One possible solution to any challenge of this scale would be to automate censorship the way many of these same platforms do for child pornography. With that, computer algorithms scan the “DNA” of an image and try to match it with a database populated by the National Center for Missing and Exploited Children, which is careful to weed out innocent photos of children in bathtubs from truly illicit material.
Hany Farid, chair of the computer science department at Dartmouth University and one of the inventors of that system, said it was not out of the question that something similar could be created to help “chip away” at the most popular pro-ISIL images and videos — beheadings and the like — that unambiguously violate a site’s content rules.
But ferreting out support for "terrorism" is a lot more complicated. While “most reasonable people will agree that transmitting and publishing images of kids is not reasonable freedom of speech,” Farid said, an image depicting an ISIL fighter holding a severed head can be distributed for different purposes — including to publicize the group’s crimes against humanity.
Facebook founder Mark Zuckerberg made a similar point at a town hall meeting in September, noting that the now iconic image of Aylan Kurdi — the drowned Syrian boy whose body washed ashore in Turkey, prompting sympathetic global calls for action on behalf of refugees — might have been removed from the site by a computer algorithm.
Monitoring text is even trickier on the Internet, Farid said. Simple messages in support of ISIL might be possible to detect, but scanning a nuanced academic argument would require a human. Algorithms would also pick up false flags, Farid noted. For instance, “If I repost a quote by somebody, and say ‘these people are crazy,’ you can’t just do template matching on those quotes” and remove the content.
Even if effective algorithms could be developed, however, the tech industry has indicated it is uncomfortable playing the role of ideological censor. That is a large part of why most in Silicon Valley oppose Sen. Feinstein’s reporting bill: It not only puts them in the position of serving as government informants — something many platforms have been accused of doing in the past, in the wake of the Edward Snowden leaks — but also forces them to draw lines between what passes the bar for “terrorist” content. Though Facebook, Twitter and YouTube all declined to comment on the bill to Al Jazeera, three organizations that represent these and other companies said in a joint letter to Senate leadership last week that the so-called Section 603 rider “creates a dangerously broad and vague reporting requirement that would subject millions of innocent users to unreasonable government surveillance.”
Free speech advocates echo those concerns. “These kinds of speech restrictions set online platforms on a very slippery slope," argued Danny O’Brien, International Director of the digital rights group Electronic Frontier Foundation, in an email. "Who defines ‘terrorism’? Does Facebook, for example, intend to enforce its policies only against those that the United States government describes as terrorists, or will it also respond if Russia says someone is a terrorist? Israel? Saudi Arabia? Syria?”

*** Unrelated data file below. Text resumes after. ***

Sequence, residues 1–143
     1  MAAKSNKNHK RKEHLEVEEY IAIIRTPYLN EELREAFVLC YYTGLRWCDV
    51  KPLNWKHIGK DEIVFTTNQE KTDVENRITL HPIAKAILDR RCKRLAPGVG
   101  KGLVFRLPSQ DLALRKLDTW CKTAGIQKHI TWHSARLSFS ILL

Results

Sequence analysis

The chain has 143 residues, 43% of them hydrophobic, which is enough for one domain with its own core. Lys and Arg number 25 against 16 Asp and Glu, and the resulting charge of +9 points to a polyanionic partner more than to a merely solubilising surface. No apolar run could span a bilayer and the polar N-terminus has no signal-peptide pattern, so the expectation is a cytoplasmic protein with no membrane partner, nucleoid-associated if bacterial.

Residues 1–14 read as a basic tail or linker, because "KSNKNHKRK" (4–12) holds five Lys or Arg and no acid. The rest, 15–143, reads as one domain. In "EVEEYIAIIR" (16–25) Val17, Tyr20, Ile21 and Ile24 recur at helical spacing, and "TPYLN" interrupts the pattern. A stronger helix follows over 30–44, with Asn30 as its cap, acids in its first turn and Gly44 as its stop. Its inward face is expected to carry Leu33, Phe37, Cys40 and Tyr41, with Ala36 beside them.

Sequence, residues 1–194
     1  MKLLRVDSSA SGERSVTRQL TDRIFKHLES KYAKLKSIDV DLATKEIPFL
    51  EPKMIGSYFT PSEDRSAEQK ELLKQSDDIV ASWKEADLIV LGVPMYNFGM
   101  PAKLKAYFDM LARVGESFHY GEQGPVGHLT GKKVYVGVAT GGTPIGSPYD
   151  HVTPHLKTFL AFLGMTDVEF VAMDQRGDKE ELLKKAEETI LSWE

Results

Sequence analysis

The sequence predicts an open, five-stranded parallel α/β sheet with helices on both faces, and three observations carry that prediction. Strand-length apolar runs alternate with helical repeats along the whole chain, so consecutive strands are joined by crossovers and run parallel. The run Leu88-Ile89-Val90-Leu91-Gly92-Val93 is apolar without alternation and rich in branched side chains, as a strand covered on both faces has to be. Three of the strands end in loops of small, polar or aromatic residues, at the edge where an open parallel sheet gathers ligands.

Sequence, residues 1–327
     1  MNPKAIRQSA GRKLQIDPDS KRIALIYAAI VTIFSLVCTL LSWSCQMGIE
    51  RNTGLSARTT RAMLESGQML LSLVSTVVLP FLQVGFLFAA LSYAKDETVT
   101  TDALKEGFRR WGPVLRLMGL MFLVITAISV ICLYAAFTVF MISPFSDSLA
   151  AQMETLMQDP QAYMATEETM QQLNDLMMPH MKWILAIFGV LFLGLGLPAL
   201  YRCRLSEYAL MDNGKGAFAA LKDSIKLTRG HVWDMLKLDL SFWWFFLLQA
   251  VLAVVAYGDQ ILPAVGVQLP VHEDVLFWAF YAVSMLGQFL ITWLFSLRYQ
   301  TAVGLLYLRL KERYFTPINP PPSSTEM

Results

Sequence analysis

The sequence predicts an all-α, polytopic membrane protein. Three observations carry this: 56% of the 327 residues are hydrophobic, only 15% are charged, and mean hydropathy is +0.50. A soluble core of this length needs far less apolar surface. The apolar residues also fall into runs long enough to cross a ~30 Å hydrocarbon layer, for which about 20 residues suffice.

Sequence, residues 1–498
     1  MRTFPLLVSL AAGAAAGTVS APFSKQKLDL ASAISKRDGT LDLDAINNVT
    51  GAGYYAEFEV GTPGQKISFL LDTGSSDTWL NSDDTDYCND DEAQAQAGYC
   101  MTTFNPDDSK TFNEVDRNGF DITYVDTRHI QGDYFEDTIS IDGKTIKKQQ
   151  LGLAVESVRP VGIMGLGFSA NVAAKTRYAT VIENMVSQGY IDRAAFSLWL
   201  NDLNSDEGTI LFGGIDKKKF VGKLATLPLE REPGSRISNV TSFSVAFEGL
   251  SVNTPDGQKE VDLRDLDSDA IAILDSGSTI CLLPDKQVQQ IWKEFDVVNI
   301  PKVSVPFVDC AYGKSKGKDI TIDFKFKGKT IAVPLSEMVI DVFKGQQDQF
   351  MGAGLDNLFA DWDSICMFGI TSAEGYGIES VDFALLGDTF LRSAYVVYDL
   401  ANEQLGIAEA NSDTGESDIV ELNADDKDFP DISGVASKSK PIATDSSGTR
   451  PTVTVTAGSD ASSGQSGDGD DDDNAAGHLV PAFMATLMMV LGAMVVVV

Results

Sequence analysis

Then there are the deeper strategic questions about what censoring ISIL-related content accomplishes. In the wake of the Paris attacks last month, many argued that intelligence failed because authorities were actually awash in data — with "too many potential suspects on too many lists," wrote one analyst. That line of argument calls into question the utility of pressuring social media platforms to report pro-ISIL content to authorities, as Sen. Feinstein is requesting. Moreover, increased reporting or more aggressive deletion of accounts could ultimately force pro-ISIL individuals off public platforms and onto the dark web. That risks cutting off a gold mine for open-source data — meta- and otherwise — on who these recruits are and where they are active.
There are even anecdotal reports of ISIL fighters accidentally geotagging their tweets, revealing their whereabouts to the entire world. According to Mike Flynn, the former director of the Defense Intelligence Agency who spoke to Bloomberg View last week, “There has always been a tension in the intelligence community between the intel side that wants to exploit the information from social media and the operational or the policy community that wants to do something to shut it down.”
But while the challenges posed by ISIL's online propaganda machine are in some ways unprecedented, legal experts tend to frame the debate as a fundamental question in free speech principles: whether censoring bad ideas makes them any less dangerous.
Andy Sellars, a fellow at Harvard Law School’s Berkman Center for Internet and Society, argued that in order to combat ISIL's ideology, it must be confronted head on. “Figuring out how to respond to ISIS requires us to consider who they are and what they want and for people on the margins who would think about [joining] ISIS to hear what we’re saying," Sellars said, using another acronym for the group.
He argued that there was a balance to be struck. Social media platforms have the editorial right to remove whatever content violates their community standards, and, some say, an obligation to protect their users from the most offensive content — including hate speech and threats of violence. But many believe that when it comes to eroding support for groups like ISIL, too much censorship can be counterproductive.
“We learn much more about our adversaries if have more opportunities to study them," Sellars said, "and we have more opportunities to study them if they’re on social media.”